Best mystery books 2014 new york times
Notable Crime Fiction of - The New York TimesEven the most modest mystery novel has the dignity of its lineage. In the permanent war that all genre fiction wages for respect, it can claim partial but persuasive ownership even of Dickens, of Voltaire. But the thriller is new money. Where did it come from? The genre spread fast and hard — America had all that unmelting, isolate, stoic toughness, and, with the west at last wholly settled, nowhere to put it, fictionally. Eventually an Englishman came up with Jack Reacher. Now a non-trivial percentage of us is convinced that biology teachers should carry guns.
Notable Crime Books of 2011
How do you create suspense? We begin with a man stumbling down a road with no pigment in his skin, no shoes on his feet and no idea who or where or when he is. Behind him, a crashed plane sends off waves of fire and a pillar of smoke. With that opener, Toyne grabs our attention, and he keeps it. Every answer leads to another question.
Henning Mankell makes it clear that his brilliant if chronically depressed Swedish detective, Kurt Wallander, has solved his last case. Although it accounts for his perpetual mood of despair, that insight also makes him a hero for this age of anxiety. The big question: Can Pelecanos keep his young hero from flaming out? View all New York Times newsletters. The criminal mistreatment of children is also the focus of the Danish thriller, which follows the efforts of a nurse to identify the 3-year-old boy she rescues at the Copenhagen train station. This prince of a fellow made a killing pimping and working the black market as an Army quartermaster in Rome during World War II. But peacetime life in Wichita is so dull it takes all his ingenuity to come up with a new way to make a dishonest living.
Impressively, it is also a vastly entertaining feat of storytelling. Wry and devastating in equal measure, the novel is a cracked mirror that throws light in every direction — on music and literature; science and philosophy; marriage and motherhood and infidelity; and especially love and the grueling rigors of domestic life. In , the anthropologist Margaret Mead took a field trip to the Sepik River in New Guinea with her second husband; they met and collaborated with the man who would become her third. King has taken the known details of that actual event and created this exquisite novel, her fourth, about the rewards and disappointments of intellectual ambition and physical desire. The result is an intelligent, sensual tale told with a suitable mix of precision and heat. Deeply unnerving and gorgeously tender, the book chronicles how grief renders the parents unable to cherish and raise their other son; love, it suggests, becomes warped and jagged and even seemingly vanishes in the midst of mourning. In this brilliant debut story collection, Klay — a former Marine who served in Iraq — shows what happens when young, heavily armed Americans collide with a fractured and deeply foreign country few of them even remotely understand.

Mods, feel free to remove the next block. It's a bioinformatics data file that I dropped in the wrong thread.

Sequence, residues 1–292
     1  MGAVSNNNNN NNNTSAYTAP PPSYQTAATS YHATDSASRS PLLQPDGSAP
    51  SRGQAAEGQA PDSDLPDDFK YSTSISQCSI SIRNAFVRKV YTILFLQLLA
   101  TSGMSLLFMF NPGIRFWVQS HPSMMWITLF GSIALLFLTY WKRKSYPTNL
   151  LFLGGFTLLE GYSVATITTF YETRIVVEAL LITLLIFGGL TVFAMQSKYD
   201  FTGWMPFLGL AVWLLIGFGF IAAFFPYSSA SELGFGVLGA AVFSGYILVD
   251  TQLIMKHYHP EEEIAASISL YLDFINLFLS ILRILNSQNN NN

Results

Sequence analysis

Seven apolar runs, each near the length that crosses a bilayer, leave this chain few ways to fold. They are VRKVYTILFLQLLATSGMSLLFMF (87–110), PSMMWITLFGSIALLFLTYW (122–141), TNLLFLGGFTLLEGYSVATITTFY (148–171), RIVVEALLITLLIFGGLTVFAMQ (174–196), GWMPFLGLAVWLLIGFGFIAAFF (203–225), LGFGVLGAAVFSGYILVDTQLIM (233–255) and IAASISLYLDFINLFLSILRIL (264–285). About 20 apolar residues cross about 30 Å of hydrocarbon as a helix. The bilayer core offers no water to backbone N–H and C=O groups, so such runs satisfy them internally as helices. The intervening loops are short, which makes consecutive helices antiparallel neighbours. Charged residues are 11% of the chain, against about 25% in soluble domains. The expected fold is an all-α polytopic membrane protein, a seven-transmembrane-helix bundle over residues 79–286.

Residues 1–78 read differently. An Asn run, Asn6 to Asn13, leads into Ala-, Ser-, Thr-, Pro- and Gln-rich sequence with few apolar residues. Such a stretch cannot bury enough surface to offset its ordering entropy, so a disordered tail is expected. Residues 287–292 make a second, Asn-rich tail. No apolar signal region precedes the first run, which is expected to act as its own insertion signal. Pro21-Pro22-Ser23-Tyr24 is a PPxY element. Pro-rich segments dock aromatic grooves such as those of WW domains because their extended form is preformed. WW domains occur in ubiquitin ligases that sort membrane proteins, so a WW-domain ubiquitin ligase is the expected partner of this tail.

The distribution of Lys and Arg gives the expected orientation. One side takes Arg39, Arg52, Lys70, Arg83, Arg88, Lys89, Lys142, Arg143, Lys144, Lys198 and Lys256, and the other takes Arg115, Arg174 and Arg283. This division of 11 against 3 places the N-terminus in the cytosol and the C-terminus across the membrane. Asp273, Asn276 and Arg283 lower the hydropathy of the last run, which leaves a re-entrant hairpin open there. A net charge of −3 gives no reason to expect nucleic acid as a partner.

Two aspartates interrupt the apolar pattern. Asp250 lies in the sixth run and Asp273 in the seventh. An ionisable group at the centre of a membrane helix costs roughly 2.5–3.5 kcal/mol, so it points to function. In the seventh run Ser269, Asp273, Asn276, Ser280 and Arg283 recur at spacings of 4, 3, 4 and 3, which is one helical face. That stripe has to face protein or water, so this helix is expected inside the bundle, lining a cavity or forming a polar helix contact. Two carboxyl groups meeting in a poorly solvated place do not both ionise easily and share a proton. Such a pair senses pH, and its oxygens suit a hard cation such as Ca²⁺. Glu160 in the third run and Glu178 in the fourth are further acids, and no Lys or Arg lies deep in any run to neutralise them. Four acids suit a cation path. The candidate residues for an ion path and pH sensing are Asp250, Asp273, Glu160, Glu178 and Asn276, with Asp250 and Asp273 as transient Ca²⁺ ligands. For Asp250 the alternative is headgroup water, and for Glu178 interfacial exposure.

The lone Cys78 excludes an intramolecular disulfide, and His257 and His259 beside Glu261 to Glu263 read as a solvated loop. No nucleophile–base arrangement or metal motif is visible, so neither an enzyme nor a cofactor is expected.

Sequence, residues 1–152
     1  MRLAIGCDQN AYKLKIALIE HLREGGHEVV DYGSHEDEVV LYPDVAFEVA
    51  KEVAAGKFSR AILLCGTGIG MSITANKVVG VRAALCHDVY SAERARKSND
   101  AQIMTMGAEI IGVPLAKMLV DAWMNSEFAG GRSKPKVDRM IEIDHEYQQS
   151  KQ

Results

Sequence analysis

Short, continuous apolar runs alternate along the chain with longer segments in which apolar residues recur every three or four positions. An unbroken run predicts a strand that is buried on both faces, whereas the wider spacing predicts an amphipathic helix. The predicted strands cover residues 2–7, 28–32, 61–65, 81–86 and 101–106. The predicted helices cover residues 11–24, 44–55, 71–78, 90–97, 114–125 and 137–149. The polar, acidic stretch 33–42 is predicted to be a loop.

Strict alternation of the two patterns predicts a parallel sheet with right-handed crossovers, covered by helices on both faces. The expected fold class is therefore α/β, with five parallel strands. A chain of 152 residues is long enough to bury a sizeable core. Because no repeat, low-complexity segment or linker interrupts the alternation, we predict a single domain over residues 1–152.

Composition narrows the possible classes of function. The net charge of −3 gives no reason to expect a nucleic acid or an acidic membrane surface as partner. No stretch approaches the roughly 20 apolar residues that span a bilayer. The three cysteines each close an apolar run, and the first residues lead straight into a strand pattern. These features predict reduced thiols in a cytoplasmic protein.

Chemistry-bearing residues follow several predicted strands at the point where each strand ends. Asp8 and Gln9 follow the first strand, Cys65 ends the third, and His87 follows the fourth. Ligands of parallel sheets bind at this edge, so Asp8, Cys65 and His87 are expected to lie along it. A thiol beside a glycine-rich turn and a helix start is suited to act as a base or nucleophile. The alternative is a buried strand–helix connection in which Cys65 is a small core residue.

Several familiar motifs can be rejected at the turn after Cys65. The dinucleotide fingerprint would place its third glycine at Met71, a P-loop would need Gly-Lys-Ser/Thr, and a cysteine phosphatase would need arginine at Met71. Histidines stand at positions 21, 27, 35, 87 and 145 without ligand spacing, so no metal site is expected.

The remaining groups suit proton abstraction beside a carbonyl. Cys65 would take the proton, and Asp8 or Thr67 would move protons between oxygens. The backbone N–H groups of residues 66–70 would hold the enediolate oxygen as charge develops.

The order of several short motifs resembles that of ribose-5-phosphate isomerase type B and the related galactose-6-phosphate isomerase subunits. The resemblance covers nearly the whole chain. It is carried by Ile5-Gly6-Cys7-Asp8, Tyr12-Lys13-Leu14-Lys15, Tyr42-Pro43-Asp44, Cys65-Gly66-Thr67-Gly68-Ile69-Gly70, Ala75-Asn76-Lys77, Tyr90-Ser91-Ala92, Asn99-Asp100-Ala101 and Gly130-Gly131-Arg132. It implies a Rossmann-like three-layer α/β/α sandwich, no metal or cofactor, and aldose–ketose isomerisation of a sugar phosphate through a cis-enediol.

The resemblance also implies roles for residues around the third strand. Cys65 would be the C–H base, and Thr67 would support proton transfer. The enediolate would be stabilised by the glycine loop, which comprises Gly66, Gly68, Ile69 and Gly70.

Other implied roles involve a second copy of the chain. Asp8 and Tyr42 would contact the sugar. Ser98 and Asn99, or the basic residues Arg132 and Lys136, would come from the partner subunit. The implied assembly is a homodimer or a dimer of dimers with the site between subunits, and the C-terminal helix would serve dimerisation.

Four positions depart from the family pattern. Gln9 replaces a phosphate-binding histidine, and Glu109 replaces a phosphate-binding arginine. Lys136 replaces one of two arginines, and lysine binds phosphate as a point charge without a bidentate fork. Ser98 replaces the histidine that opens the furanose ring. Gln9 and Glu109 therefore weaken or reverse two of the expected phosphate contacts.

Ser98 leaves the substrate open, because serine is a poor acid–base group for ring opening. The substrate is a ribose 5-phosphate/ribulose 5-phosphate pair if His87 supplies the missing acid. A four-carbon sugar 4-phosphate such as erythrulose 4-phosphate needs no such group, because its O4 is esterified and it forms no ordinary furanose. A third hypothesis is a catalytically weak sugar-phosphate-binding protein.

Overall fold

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By Dinaw Mengestu. By Evie Wyld. By Anthony Doerr.
Like his other crime novels set in blue-collar Washington neighborhoods, this one has a strong father-son dynamic and a stern message about the generational cycles of urban crime. But Pelecanos takes an unusually tender approach to the two families in his novel, one black and one white, and extends them the rare hope of redemption. But enough of the warm climates. This rugged environmental mystery, which unfolds in the middle of a blizzard, finds a ranger working on a research project at Isle Royale National Park, on the Canadian border, where a killer is hunting along with the wolves. Indoors, the best adventure is a devious intellectual puzzle.
There are a lot of ways for a novelist to create suspense, but also really only two: one a trick, one an art. The trick is to keep a secret. Or many secrets, even. Rowling is another master of this technique — Who gave Harry that Firebolt? How is Rita Skeeter getting her info? It makes them deeply immersive in the moment, but strangely evanescent: in other words, beach reads. This time around his victim is Adam Price, a New Jersey lawyer; one evening, a man approaches Adam with the devastating news that his wife, Corinne, faked her last pregnancy, and worse still that their two sons may not be his.